Like most of you I am sure, I have been thinking a lot about 9/11 this weekend, which marks the 20th anniversary of the terrorist attacks. In particular, I have been wondering about whether it brought us closer as a nation, or whether it actually fragmented us. I imagine it depends on who you ask.…… Continue reading 20 Years Later
Have you been thinking about what it’s going to be like to come out of the pandemic? I have, but I admit that I have been thinking about it really on a very microscale: I’ve been thinking about what it means for me personally, and my ability to travel and get together with friends and…… Continue reading Fareed Zakaria and a Post-Pandemic World
Where do you stand on the death penalty? Many people have very strong opinions about it, and it can be a controversial topic of conversation. I am a long-time opponent of the death penalty, for theological reasons; and, while many people do still support the death penalty, in the United States, opposition is growing. I’m…… Continue reading The Criminal Fallibility of the Death Penalty
Thanks to our Global Advocacy Committee & the Sustainability Taskforce here at Wartburg Seminary, I had the opportunity to watch a great documentary last night that I want to share. It’s short, less than 30 minutes, and it’s called “The Bloody Truth about Period Poverty in America” [watch it for free here: https://youtu.be/gPWriykB0xY%5D Mostly, I…… Continue reading Periods, Poverty & Pollution
Today is International Women’s Day, and while there is a lot to celebrate, it is also a reminder that there is still so much work to do to promote women’s full and robust participation in all aspects of human society. So, to that end, I’d like to invite you to reflect today on a very…… Continue reading Supporting Women & Girls, Now.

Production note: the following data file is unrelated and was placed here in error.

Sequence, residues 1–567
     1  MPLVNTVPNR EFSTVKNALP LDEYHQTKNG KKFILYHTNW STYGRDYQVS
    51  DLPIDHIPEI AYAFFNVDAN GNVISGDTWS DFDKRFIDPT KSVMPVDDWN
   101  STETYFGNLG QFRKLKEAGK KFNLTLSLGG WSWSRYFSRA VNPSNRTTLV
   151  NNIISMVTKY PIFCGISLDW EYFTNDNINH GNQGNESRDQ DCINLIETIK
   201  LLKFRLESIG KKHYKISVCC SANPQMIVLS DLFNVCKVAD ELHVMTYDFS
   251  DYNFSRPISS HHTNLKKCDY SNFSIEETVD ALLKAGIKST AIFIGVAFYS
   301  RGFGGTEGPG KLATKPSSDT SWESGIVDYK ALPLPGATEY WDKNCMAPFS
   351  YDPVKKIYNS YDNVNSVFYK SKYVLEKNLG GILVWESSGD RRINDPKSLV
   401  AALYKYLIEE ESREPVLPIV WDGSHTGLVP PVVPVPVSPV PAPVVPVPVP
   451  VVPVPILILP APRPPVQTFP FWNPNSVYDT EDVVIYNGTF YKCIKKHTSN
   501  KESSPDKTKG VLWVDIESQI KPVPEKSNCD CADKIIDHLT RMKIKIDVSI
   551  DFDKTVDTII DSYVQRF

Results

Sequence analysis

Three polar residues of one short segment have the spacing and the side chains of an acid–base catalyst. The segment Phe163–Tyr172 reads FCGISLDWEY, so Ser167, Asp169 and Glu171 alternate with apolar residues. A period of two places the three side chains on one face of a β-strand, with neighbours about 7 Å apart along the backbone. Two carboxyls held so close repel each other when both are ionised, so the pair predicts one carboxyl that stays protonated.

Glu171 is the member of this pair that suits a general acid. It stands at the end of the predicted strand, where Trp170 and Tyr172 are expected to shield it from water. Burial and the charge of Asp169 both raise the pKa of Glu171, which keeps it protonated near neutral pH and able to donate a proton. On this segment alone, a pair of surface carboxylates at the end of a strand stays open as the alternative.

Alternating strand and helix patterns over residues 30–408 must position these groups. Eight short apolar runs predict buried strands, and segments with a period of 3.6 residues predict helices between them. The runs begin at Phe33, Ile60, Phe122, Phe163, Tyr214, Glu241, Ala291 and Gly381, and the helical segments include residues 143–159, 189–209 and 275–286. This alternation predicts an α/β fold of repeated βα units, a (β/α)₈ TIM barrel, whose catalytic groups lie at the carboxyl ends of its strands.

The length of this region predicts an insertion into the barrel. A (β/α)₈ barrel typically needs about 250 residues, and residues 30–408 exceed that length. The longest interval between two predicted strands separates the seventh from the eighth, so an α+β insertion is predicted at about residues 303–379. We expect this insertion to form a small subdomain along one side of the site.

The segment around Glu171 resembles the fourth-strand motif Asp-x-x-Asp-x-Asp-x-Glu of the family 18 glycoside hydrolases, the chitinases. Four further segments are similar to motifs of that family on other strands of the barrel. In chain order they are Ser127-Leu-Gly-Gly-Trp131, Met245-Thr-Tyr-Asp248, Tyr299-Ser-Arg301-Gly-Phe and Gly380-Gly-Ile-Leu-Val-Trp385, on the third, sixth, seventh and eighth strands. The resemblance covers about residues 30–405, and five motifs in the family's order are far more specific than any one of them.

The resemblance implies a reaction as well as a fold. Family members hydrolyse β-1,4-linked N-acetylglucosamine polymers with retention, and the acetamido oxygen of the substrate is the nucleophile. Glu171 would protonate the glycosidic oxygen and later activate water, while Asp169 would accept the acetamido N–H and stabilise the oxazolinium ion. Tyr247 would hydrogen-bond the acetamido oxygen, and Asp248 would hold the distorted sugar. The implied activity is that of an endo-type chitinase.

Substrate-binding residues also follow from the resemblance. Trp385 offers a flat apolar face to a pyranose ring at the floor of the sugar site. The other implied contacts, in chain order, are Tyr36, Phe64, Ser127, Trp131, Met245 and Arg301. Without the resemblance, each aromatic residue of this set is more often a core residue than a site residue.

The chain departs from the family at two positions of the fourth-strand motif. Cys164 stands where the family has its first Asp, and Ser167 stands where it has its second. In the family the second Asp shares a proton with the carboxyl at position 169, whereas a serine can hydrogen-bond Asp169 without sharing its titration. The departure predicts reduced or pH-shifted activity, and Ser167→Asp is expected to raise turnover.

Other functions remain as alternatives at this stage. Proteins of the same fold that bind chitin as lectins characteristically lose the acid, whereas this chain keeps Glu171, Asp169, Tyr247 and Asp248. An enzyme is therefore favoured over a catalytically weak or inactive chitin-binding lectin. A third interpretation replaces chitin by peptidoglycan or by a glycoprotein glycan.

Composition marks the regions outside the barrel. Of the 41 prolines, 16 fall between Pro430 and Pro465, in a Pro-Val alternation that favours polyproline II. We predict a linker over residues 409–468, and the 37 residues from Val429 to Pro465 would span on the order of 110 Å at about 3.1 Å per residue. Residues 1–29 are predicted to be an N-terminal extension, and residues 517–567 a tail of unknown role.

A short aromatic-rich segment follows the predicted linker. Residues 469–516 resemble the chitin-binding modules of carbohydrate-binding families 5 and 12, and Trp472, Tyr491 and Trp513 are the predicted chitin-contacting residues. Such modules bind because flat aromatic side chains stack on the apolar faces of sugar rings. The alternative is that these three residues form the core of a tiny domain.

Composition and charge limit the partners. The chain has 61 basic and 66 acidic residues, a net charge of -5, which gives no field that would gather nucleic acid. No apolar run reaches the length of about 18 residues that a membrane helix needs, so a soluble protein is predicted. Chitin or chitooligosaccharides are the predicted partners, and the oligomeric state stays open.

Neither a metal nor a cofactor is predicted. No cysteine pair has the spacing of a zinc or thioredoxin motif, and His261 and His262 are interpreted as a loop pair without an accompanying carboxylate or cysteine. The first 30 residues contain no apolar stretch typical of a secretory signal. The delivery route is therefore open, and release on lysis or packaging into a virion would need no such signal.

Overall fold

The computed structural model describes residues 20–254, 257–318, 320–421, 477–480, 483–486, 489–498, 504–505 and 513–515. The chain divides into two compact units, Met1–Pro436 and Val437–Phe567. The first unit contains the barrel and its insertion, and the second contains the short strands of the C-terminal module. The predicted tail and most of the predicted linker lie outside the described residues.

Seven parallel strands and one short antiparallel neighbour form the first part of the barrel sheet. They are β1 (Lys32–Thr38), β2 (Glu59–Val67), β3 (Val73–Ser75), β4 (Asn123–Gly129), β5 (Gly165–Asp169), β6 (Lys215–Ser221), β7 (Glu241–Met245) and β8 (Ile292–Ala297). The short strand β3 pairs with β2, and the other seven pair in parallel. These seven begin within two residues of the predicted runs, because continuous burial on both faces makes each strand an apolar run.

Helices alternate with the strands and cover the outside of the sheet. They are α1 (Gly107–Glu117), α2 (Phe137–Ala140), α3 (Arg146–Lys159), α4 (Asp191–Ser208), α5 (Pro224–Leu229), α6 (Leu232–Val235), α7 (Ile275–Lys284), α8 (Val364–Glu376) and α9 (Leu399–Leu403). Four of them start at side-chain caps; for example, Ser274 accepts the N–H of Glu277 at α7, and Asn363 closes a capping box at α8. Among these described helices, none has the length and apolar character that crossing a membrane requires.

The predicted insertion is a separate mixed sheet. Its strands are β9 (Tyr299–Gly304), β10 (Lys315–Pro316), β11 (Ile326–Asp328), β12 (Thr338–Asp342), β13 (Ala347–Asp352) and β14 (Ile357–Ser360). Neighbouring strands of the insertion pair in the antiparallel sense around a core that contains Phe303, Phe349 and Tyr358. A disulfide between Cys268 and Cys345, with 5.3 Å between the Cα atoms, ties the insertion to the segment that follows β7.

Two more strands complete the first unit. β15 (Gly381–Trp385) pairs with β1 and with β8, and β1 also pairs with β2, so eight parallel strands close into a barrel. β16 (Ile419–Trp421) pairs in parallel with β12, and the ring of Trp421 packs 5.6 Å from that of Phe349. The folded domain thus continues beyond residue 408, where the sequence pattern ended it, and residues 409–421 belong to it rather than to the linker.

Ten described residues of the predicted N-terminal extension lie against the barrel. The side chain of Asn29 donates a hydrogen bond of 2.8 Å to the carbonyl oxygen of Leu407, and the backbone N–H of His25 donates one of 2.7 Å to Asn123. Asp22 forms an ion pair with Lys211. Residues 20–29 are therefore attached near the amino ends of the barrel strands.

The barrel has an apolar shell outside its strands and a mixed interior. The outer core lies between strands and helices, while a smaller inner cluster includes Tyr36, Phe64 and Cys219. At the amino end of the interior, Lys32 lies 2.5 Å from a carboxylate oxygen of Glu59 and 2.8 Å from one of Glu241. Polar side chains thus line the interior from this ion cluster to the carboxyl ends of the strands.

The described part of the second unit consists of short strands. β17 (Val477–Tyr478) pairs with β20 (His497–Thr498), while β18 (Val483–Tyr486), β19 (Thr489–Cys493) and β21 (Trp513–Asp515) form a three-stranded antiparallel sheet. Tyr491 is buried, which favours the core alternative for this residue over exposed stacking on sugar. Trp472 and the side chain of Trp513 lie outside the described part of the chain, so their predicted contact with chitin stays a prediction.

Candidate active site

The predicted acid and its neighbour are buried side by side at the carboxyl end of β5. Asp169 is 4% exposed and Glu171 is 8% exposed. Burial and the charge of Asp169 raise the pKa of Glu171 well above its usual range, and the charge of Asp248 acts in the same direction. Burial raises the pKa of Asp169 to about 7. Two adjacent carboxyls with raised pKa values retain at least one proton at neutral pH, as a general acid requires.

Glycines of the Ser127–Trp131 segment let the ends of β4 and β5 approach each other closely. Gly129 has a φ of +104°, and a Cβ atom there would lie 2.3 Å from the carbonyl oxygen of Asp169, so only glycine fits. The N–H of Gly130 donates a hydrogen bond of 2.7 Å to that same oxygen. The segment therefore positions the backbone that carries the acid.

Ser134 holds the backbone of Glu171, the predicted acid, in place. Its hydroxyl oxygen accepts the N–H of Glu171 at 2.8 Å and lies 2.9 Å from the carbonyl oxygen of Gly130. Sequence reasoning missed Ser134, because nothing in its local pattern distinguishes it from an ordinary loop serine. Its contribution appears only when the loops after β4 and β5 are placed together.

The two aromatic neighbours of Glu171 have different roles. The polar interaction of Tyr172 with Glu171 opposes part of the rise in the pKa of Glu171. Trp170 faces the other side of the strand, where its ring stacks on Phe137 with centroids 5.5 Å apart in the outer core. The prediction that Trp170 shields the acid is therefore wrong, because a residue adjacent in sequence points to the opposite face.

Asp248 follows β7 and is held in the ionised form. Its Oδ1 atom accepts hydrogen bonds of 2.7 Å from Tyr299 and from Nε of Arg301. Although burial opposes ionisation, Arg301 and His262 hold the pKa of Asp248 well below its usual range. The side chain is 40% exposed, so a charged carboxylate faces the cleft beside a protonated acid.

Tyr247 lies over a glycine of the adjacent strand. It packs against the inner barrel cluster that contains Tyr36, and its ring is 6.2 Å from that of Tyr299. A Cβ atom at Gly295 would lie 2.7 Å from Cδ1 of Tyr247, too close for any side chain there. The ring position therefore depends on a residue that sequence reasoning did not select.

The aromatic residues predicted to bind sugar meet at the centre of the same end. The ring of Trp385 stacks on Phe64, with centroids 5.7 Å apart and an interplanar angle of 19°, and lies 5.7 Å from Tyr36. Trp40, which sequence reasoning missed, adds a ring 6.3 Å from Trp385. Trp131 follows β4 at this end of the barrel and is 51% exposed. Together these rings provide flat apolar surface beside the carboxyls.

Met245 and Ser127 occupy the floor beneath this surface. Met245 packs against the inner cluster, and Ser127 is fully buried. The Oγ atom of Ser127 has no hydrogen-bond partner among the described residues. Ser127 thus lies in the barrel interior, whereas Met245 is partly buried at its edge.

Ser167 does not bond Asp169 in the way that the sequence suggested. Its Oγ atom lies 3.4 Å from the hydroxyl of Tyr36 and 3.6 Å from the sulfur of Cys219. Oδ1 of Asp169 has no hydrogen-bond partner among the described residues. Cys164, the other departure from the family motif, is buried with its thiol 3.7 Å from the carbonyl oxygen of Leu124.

The faculty at Wartburg Seminary is reading Caste: the Origins of our Discontents, by Isabel Wilkerson. It is a very interesting book in which she uses the concept of caste, as well as several vivid metaphors, very creatively as a way to invite people into thinking about racism with new categories and fresh eyes. (The…… Continue reading Lament, Caste, and Racism
I want to share some reflections about a book I just read, After Whiteness: an Education in Belonging, by Willie James Jennings. I don’t know exactly what I was expecting, but it turned out to be something even better than I thought—something really thought-provoking and important. I read it with the other ELCA seminary leaders…… Continue reading Reflections on “After Whiteness”
What does authority look like? Answer: it depends. If you are a white man, you don’t have to ask what authority looks like, you just have to look in the mirror; it looks like you. When someone says CEO, Fortune 500 business leader, Chief Operating Officer, President, more often than not, people assume a white…… Continue reading What does Authority Look Like?
Today, Mitch McConnell learned the importance of timing. As shocking, horrific images of insurrection in the Capitol building fill the news, my thoughts keep turning to Mitch McConnell, and I wonder if he regrets his actions in the weeks following the election–actions, which, I believe, have contributed to the rioting that took place in Washington…… Continue reading Mitch McConnell and the Importance of Timing
If you get National Geographic, you saw this compelling article, which came out in the October 2020 issue. It highlighted a new art installation called “Stranger Fruit,” in which “black mothers pose with the sons they fear losing to violence.” Here are the opening sentences of the article: “There is a demand put upon you…… Continue reading “Stranger Fruit”